David Roberts

Where next for Italian bonds?

David Roberts

Many market commentators are saying that a yield of 2.5% for 10-year Italian sovereign bonds is a key level for the European Central Bank (ECB). At that level, it is thought the bank would start to buy more bonds and prevent yields rising further – but I do not believe that it the case.

First, why would ECB President Mario Draghi want to bail out Italian Eurosceptic populists right now? Let Five Star and The League feel a little pain until they have formed a government: once they see the price to be paid for populism, it is much more likely they will work to stay in the system. Giving them an opportunity to reduce dependence on Europe makes no sense.

Draghi is of course well remembered for his “whatever it takes” speech from 2012, when he pledged to go all out to protect the euro. Of course, his intention was, and still is, to hold Europe together and not to make life easy for those who want to move away from the Union. It is worth remembering the extent to which the ECB played hardball with Greece until that government was forced to accept eurozone and IMF bailout conditions. Doing whatever it takes to keep the eurozone together naturally includes punishing rogue states who threaten to leave: the UK should take note.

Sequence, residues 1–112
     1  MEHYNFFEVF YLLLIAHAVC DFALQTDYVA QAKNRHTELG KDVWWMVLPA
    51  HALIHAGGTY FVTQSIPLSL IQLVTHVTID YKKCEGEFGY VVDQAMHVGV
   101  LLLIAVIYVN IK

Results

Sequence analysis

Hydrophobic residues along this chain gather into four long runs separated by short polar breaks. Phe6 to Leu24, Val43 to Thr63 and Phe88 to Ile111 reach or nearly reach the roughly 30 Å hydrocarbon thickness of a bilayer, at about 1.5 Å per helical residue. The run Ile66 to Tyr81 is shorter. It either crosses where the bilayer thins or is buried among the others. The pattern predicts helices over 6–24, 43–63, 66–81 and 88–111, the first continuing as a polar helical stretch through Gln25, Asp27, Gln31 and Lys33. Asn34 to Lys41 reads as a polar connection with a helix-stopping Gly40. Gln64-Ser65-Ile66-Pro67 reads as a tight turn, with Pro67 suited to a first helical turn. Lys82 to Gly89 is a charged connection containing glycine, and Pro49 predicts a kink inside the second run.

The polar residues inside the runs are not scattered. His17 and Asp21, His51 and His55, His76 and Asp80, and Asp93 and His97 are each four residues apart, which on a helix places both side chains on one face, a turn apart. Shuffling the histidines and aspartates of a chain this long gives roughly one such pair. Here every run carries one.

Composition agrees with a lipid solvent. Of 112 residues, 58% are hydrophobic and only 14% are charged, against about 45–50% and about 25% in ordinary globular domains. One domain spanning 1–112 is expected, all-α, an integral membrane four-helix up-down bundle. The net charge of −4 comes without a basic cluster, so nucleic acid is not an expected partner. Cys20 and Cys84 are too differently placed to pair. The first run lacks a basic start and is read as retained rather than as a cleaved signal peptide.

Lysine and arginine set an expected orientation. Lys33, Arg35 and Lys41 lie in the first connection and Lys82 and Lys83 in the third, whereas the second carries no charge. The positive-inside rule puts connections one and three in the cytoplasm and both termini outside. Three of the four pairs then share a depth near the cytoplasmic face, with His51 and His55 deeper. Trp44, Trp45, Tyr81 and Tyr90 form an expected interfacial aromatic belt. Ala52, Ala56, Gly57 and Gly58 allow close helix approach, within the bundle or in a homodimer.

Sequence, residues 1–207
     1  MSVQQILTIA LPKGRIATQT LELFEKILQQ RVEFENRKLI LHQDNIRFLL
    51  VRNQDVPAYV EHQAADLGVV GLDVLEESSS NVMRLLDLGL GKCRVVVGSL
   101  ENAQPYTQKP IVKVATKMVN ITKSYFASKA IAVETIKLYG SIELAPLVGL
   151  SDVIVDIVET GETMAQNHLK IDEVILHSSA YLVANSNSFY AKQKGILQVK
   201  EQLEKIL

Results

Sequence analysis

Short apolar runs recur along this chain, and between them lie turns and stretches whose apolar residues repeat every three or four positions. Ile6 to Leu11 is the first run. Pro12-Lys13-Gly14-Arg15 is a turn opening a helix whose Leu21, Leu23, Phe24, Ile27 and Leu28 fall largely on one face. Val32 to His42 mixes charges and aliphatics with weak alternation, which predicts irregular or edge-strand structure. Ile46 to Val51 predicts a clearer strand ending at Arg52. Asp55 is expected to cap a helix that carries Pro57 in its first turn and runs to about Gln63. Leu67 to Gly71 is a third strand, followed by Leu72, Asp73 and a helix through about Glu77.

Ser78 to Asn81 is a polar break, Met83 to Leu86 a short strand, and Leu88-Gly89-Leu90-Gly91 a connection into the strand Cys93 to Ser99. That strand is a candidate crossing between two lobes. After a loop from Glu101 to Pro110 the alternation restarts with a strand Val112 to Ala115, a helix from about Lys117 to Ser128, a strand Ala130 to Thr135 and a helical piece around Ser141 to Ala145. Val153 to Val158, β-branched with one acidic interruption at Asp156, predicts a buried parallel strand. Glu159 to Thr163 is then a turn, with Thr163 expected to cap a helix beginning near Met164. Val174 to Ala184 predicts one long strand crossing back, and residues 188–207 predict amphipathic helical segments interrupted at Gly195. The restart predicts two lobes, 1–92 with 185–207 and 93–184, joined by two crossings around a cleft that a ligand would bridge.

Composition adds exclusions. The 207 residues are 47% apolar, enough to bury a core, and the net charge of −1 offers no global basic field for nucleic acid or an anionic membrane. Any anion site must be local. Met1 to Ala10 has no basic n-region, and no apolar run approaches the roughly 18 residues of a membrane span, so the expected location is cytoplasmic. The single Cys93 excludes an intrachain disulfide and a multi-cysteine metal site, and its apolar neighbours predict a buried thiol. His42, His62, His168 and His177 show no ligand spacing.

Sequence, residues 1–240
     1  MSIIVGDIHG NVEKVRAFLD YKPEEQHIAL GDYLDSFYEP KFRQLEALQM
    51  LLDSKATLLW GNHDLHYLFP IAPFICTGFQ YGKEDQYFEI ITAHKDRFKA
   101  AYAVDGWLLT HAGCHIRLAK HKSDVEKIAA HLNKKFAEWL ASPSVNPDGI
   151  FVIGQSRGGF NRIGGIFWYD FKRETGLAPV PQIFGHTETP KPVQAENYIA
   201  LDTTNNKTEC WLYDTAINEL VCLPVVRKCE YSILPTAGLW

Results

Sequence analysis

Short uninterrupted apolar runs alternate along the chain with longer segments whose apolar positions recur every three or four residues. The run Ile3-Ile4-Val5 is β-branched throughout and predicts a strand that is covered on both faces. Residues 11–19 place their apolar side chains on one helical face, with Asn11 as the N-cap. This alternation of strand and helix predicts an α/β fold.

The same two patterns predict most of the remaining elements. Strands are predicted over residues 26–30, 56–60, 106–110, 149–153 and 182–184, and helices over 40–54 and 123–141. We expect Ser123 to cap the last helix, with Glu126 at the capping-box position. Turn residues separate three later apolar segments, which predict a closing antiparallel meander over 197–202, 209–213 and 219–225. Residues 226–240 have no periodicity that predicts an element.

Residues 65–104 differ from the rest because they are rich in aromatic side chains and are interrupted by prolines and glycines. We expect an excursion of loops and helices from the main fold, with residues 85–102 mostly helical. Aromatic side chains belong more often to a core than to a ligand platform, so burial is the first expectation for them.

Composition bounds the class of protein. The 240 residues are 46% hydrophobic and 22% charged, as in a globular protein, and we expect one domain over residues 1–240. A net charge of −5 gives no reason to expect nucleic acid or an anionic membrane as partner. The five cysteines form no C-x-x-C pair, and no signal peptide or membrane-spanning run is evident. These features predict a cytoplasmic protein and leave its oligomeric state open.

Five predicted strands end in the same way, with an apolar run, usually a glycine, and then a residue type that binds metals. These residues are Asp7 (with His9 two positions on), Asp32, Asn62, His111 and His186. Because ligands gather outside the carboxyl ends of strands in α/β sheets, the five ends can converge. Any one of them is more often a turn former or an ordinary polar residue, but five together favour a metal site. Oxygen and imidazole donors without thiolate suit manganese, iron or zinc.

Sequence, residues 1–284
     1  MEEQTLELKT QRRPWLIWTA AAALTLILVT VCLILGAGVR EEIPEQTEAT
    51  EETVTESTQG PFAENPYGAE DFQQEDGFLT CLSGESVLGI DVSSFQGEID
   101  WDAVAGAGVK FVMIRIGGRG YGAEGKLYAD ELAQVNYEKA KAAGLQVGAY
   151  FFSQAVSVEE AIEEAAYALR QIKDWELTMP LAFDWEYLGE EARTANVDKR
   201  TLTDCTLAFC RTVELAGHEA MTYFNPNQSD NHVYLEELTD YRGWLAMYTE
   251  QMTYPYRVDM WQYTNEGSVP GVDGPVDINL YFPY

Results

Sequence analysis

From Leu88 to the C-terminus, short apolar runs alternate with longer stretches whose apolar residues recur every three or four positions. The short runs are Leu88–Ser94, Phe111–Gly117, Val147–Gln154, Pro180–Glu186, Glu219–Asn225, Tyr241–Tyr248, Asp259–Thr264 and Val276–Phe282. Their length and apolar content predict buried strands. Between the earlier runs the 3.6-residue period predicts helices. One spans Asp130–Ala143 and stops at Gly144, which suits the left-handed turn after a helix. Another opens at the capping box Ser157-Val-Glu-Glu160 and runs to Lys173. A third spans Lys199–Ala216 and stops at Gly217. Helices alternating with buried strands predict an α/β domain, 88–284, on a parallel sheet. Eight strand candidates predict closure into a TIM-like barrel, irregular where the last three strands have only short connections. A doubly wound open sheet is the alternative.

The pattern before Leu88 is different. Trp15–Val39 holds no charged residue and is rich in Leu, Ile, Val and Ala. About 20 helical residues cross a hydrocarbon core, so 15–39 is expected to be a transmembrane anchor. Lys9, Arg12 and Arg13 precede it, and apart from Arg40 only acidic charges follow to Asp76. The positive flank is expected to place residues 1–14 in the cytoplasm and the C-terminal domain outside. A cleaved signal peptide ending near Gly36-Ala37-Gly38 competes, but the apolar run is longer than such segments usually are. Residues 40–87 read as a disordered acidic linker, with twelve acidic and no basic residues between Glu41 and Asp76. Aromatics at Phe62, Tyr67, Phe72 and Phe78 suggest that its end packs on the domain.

What really matters to the ECB is not the level of Italian yields but the yield differential to the eurozone’s risk -free asset, namely German bunds. In simple terms, the euro single currency and unified monetary policy across the eurozone rests in the long term on equilibrium between nation states. If Italian borrowing is too high compared to Germany, it is more difficult for Italian industry to compete with German: there is no currency to devalue, as with Brexit, to regain an advantage.

Yield differential between Italian and German 10-year Bonds

David Roberts: where next for Italian bonds? - Yield differential between Italian and German 10-year Bonds

Source: Bloomberg, as at 23.05.17       

The chart shows that for much of 2017, Italian bonds traded more than 2% above bunds. Draghi would clearly have been concerned at that time, and this, in part, explains why ECB monetary policy remained so accommodative in buying a disproportionate amount of Italian debt. There was no panic.

Could Draghi buy Italian debt again? Yes, of course – but calling a line in the sand at 2.5% for Italian yields is nonsense. A yield differential of 2.2%-2.25% relative to Germany in the longer term is probably excessive in Draghi’s mind.  I suspect it is likely we see the ECB try to stem flows around that level if we are there or wider at the end of summer.

However, that could easily mean 10-year Italian bond yields rising above 3% in the short term, handing investors a loss of nearly 10% since the middle of April. 

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Wednesday, May 23, 2018, 3:35 PM